Can you buy a house with a credit card? It isn’t a very common question, but sometimes people wonder whether you can buy a house with a credit card. This is a fair question, after all, you can certainly buy cars with credit cards (I did). The answer, of course, is yes it is possible to buy a house with credit cards. But in this article I will discuss the obstacles you may face, and then I will explain the only time I feel it would be wise to do this type of “creative financing”.
Obstacles You May Face When Buying a House Using Credit Cards
- Credit Limit–Let’s face it, houses aren’t cheap! So that poses a problem for people who have low credit limits of only a few thousand dollars. The average person would have to max out every single card they owned, and then still wouldn’t have enough. This doesn’t apply if you are going to pay off a portion of the remainder house loan, or if you have a credit card with no limit (which I will address below). So this alone would be enough to stop most people from trying this.
- Minimum Payment–The minimum payment on most credit cards is between 2-3%. So if your minimum payment is 3%, and you borrowed $100,000 for a house, that means your monthly payment would be at least $3,000 (not including interest). Wow. My mortgage is just under $600, so I am definitely coming out better. Again, there are exceptions, which I will discuss below. But if your minimum payment is too high, you could find yourself is serious trouble fast.
- Interest Rates–Let’s face it, credit cards have terrible interest rates in most cases. You can expect to have somewhere between 5-15% on average. A mortgage, in contrast, will likely be much lower than credit card rates. My mortgage is less than 5% fixed, so that is great.
- Getting the Funds–In order to buy a house, the escrow company would need to accept credit cards. Many often require a cashier’s check during closing (for legal reasons). So this could be yet another obstacle. You could always call a title/escrow company and ask. Of course, there are ways around this (such as a balance transfer deposited into your checking account, or by using convenience checks). But there are often fees with those options that could amount to high charges.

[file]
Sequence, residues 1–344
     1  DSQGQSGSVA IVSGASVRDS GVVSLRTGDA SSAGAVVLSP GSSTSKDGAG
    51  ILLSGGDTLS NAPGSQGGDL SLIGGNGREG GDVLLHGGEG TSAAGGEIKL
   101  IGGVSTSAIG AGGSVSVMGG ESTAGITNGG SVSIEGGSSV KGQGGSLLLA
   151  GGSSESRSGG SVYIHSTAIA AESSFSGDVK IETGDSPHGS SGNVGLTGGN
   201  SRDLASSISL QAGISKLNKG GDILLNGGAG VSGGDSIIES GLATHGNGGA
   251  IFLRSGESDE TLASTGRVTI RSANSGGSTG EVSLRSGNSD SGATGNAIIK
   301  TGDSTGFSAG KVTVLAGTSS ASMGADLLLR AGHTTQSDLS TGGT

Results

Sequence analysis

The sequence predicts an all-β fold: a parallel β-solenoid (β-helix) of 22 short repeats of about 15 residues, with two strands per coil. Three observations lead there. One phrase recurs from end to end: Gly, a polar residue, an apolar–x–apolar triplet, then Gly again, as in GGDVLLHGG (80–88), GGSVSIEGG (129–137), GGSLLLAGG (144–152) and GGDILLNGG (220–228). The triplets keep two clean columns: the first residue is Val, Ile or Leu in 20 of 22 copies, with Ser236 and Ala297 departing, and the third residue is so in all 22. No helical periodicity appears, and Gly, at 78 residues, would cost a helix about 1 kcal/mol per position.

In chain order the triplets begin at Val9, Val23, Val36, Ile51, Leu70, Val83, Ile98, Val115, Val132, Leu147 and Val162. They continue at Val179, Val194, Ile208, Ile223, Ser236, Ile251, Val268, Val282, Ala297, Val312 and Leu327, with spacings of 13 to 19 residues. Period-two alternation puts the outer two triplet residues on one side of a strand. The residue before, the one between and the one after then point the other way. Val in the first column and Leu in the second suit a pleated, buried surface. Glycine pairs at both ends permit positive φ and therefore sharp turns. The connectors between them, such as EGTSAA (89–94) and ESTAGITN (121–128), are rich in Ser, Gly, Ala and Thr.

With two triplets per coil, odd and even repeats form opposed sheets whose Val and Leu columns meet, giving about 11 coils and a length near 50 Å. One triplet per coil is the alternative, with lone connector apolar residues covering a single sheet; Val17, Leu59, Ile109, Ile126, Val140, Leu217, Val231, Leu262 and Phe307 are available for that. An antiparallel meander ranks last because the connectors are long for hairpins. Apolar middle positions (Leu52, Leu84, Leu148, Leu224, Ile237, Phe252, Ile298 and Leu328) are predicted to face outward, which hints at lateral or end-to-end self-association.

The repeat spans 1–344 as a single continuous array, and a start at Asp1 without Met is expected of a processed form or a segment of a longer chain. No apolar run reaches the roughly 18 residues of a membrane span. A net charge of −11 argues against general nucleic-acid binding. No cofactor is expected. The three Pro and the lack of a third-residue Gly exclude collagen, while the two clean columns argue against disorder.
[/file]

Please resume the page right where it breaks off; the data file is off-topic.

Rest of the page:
- Credit Card Companies May Not Like It–Credit card companies actively monitor your credit, which means that if they see bizarre activity or overspending, they may lower your limit out of the blue. So you need to watch for sudden things like that.
- It Could Hurt Your Credit Score–With a big house on your credit card bill, it looks like you have a massive pile of debt. That could really hurt your credit score if you keep that kind of balance for long! So if you wanted to turn and get a mortgage, it may be hard. After all, would you want to loan money to someone who has $100,000 in credit card debt? Didn’t think so. So keep that in mind.
When I Think a Person Could Buy a House with a Credit Card, and It Makes Sense
Given the above reasons and obstacles above on why you may not want to try this, there are a few small situations where using a credit card could work (or even be a good idea). Here are a few exceptions (remember, always consult a legal professional for advice before doing this).
- For the Points–If you have enough cash to pay this off within the month that you buy it, you could potentially rack up a very nice cashback or points bonus! So if you are wealthy enough to pay it off, and won’t get charged ridiculous fees in the process, then go for it!
- Avoiding Bank Processes-When getting a mortgage, there is a lot of paperwork, appraisals, etc. you must do. By purchasing a house outrigiht with credit cards, you could probably avoid the majority of this work and greatly speed this process up. So if there is a good deal on a very cheap fixer upper and you don’t have all the cash, you may consider doing something like this if you can afford it and want to avoid the mortgage process. You can then later get a mortgage (assuming you can get approved), and then pay off the credit card loan with the mortgage loan. However, this is risky, and I would only do it if I had enough cash to support myself if something goes wrong.
- You are paying off a Loan–Let’s say you only have $20,000 left on your mortgage principal, you could use credit cards to pay off that remainder balance, and then just pay the credit cards. There are reasons one may do this (and I will probably do this when mine gets paid down sufficiently). First, you now own the deed and house, with no bank that can forclose on you, make you pay escrow, etc. Second, you can sometimes lower your payments without having to refinance once it gets down to this point. Third, if you get a zero percent introductory card, you can use this to avoid interest if you were planning to pay it off within a year or so anyway. Again, I will probably do this and I can’t wait to have my mortgage paid off. Also, make sure you can lock in a great interest rate!!
- You Partially Pay with Credit–Let’s assume you can get cash, and want to only finance $10,000-$30,000 to buy a house. You could use a credit card to do this. Again, just make sure you don’t get hammered with interest or fees in the process.
So those are the few exceptions (and there are some), of the circumstances I can think of where it would be advantageous to use a credit card to buy a house. Otherwise, a mortgage is probably going to be a far better option (at least until you pay it down enough). So I would only do something like this if you could get through all of the obstacles, and it was a financially sound decision.